Calumet Beginnings: Ancient Shorelines and Settlements at the South End of Lake Michigan (Hardback)Kenneth J. Schoon (author)
Hardback Published: 12/11/2003
- Not available
The landscape of the Calumet is a direct result of the glaciers that last left the area about 14,500 years ago - toward the end of the last ice age. In the years since, many forces, including wind, running water, and the waves of Lake Michigan, have continued to shape the land. The people who called the Calumet home also changed its landscape. Indians built mounds, farmers scraped sand from the tops of hills and filled in wetlands. Governments commissioned ditches and canals to drain marshes and change the direction of rivers.Sand has been hauled from areas where it was plentiful to areas where it was needed for urban and industrial growth. Because Lake Michigan is a barrier to east-west land transportation, it has for thousands of years forced people to move through the area at its southern tip. When the glaciers left, Lake Michigan was higher than it is now. As that Lake dropped in elevation, it left behind shoreline features that in turn have served as Indian trails, stagecoach routes, highways, and sites that have evolved into many of the cities, towns, and villages of the Calumet Area.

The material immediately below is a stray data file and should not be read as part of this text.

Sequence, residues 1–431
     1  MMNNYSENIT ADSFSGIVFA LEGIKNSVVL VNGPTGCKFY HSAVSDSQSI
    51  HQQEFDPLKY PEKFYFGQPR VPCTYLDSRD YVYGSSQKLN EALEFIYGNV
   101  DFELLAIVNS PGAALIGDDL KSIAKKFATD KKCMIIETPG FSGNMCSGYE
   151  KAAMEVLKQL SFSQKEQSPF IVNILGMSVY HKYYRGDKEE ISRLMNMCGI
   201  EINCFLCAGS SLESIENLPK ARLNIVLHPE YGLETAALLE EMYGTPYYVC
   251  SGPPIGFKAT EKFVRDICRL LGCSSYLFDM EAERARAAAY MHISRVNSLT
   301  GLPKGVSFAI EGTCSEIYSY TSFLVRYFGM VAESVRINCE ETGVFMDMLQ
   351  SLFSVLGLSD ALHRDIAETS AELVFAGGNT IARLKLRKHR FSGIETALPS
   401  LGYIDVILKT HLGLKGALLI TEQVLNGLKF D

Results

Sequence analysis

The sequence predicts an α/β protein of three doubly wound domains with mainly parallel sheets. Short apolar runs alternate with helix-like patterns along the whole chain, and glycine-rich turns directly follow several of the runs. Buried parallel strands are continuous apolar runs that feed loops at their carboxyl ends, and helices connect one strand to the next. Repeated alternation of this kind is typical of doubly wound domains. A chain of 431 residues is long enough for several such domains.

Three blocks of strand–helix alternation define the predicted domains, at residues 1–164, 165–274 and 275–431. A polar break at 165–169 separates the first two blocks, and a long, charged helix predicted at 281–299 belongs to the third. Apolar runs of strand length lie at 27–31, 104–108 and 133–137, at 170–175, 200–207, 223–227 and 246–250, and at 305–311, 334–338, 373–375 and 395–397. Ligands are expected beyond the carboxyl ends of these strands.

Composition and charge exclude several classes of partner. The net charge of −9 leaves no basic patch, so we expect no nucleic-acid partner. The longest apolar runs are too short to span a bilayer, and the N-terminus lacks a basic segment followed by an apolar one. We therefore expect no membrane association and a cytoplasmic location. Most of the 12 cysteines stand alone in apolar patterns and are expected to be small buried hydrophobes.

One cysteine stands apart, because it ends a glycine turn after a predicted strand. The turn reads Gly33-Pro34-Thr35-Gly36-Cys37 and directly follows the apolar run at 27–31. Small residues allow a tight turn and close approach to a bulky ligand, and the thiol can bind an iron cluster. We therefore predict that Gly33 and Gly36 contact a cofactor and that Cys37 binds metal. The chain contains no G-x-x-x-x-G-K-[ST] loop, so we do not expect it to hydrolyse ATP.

Publisher: Indiana University Press
Weight: 703 g
Dimensions: 260 x 183 x 20 mm
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